Designing a circuit to shift energy
Electric circuits are very useful because we can design them to shift energy in a controlled way. You can measure or predict both current and potential difference. Combine these two measures to calculate which circuit components will shift this energy.
One part of the loop where we do not want energy shifted is the wires. As we have no choice but to have current in those wires, we need to fix it so that the potential difference across the wires is as small as possible. This is true for all circuits that are designed to shift energy–from those on the bench top to those serving major cities as a part of the National Grid. The current in the loop is the same everywhere, so make the resistance of the energy-shifting components large compared with the resistance of the wires. Ideally the resistance is so much larger that the potential difference across the wires is tiny. You can do this by making the wires as thick as you can afford, and from a good conductor.
The importance of
difference in potential difference
Energy is shifted wherever there is a potential difference, so identifying these differences is useful. Measure the potential difference from a chosen zero (usually the negative terminal of the battery or cell in simple circuits).
This is very much like mapping out the terrain–you have to choose a zero (for the UK Ordnance Survey, this is at Newlyn in Cornwall). Then you can choose to report spot heights, draw contours or shade within bands. All are used in map making. Traversing a circuit (walking, riding or driving) results in a climb and a fall to leave you back at the same height.
For these maps, the energy changes are calculated for a particular rider and bicycle. You could equally well present a map that would work for any bicycle and rider–just quote the energy change for each kilogram hauled up or down the hill. Multiply by the mass of the particular bike and rider and you'll have the energy shifted. The energy change per kilogram is the gravitational potential difference, and the concept is similar to the electrical potential difference. This measure was introduced in the SPT: Electric circuits topic as the number of joules/coulomb or the voltage.
Up and down hill
Think of cycling round such a loop. As you climb, so you are shifting energy; as you freewheel downhill, so more energy is shifted. It is the act of changing height that alters the energy in each store.
Hillwalkers interpret topographical maps to generate similar expectations: their chemical stores will be depleted as they gain height.
A potential difference across a circuit element shows that energy will be shifted by that component. This is why the
hills analogy, introduced in the SPT: Electric circuits topic, was so useful.
Being at a particular height has no implications for shifting energy; nor does being at a particular potential. Engineers assess the viability of micro-hydro schemes by looking for changes in height, not just high places.
Differences in height and potential differences set where the energy is shifted
Freewheeling downhill or toiling uphill shift energy: it's not the being uphill but the getting there that determines the energy shifted. The same applies to electrical circuits–the differences in potential are the key to calculating the energy shifted.
As you step across the circuit elements in the same direction as the current in the element, the potential difference can be positive or negative. A positive potential difference shows that an energy store is being emptied by the electrical working; a negative potential difference shows that an energy store is being filled by the electrical working. As there is no energy accumulation in the circuit, the increases in potential difference must be equal to the decreases in potential difference. So in any one loop, you end up back at the potential that you started with. The sum of the potential differences around any one loop is zero. (In the study of physics post-16, this is called Kirchhoff's first law.)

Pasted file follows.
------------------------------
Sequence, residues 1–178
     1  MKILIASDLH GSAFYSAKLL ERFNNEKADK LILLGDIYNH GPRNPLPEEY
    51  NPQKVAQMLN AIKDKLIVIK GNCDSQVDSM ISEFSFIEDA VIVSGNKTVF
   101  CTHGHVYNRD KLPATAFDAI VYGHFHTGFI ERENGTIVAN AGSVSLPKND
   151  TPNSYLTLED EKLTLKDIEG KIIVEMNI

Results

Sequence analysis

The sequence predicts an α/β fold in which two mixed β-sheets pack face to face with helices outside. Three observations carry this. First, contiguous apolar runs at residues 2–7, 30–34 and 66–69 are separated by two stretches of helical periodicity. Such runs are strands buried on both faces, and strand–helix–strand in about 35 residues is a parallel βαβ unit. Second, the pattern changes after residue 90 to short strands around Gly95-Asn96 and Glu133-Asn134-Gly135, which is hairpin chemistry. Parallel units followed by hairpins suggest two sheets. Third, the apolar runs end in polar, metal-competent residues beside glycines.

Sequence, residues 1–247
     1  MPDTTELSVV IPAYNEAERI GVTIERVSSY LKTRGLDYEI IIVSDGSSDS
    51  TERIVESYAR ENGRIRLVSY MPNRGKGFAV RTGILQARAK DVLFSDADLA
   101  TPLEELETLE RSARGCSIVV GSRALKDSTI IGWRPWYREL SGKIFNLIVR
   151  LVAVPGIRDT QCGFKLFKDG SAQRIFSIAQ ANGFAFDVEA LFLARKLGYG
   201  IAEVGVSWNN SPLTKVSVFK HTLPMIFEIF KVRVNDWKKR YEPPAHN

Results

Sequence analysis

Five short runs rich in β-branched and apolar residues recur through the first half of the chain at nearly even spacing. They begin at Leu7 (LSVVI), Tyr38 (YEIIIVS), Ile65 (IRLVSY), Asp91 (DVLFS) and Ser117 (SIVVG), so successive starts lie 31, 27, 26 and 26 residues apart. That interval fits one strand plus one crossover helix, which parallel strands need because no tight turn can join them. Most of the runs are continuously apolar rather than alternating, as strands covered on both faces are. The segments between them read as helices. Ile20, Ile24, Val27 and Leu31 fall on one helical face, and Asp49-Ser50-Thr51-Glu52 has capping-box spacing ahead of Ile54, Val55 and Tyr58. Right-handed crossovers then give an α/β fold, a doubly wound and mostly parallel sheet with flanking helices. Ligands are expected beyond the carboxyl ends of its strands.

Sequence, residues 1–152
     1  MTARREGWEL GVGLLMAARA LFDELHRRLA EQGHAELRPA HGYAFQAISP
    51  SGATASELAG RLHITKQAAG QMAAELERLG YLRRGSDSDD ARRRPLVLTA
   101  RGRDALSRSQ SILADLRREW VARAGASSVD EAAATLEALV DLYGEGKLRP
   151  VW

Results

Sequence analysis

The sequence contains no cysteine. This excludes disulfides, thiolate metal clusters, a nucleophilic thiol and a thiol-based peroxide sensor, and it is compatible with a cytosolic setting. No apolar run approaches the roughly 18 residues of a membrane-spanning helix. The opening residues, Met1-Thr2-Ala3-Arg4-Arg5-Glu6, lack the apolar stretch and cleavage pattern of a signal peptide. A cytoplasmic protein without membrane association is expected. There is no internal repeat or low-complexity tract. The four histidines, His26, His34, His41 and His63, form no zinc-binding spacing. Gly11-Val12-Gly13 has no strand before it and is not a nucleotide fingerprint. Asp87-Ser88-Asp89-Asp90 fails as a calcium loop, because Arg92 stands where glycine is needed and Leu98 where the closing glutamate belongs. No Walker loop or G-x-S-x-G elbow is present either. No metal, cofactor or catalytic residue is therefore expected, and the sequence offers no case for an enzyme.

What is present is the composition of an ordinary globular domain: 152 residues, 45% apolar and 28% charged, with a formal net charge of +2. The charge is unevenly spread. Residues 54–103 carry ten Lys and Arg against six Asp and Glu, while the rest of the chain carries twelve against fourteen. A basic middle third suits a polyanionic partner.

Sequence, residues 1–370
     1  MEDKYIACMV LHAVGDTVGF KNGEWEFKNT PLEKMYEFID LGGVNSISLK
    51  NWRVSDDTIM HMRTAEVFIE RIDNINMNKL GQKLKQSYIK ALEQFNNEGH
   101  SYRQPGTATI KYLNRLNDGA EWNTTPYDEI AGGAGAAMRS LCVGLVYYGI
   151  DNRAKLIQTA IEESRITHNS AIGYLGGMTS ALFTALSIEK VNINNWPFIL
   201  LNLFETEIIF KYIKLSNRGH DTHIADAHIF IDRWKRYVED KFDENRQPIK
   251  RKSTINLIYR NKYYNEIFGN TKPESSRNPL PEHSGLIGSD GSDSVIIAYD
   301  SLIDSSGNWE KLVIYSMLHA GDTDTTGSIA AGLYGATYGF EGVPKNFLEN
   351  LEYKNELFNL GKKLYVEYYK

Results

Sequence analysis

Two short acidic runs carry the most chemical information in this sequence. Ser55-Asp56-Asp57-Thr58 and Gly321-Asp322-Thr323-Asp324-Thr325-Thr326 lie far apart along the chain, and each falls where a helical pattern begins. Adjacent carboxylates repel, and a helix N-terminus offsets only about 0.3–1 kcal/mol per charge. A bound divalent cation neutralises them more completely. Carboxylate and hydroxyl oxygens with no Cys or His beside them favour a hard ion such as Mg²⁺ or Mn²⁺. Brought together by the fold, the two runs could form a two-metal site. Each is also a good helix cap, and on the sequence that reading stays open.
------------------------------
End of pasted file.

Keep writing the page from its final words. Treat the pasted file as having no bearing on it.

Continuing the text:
Crossing countour lines and potential difference
Go round an electrical loop, starting anywhere, and you end up back where you started–the change in energy in the gravity store is zero, so you also end up with a potential difference of zero. This should not be a surprise: going for a circular walk doesn't result in a change in height, even though there may be plenty of uphill and downhill along the way. Crossing contour lines warn you of the working mechanically: the potential difference performs the same function for a journey along part of an electrical loop. It's always potential differences, and if someone does not mention where the difference is measured from, then there is a good chance that they forgot to mention that they took the negative terminal of the battery as a zero, just like the Ordnance Survey use Newlyn.
One big difference with the contour lines is that gravity is always there. The these electrical potentialal differences, perhaps highlighted by colouring in parts of the circuit, only exist while there is something flowing round the circuit: disconnect the cell and you have no
electrical hills. Another is that electrical working depends on complex interactions between many charged particles and is not at all like having lifted a mass up a hill and parked it there.
This might be a very good reason not to employ the hills analogy in your teaching, and even to consider whether colouring the circuits to reveal potential difference earns its keep.
Potential difference is one of the hardest ideas taught in pre-16 physics and you need to think carefully about the models or analogies you use. There is further discussion in the teaching and learning issues strand.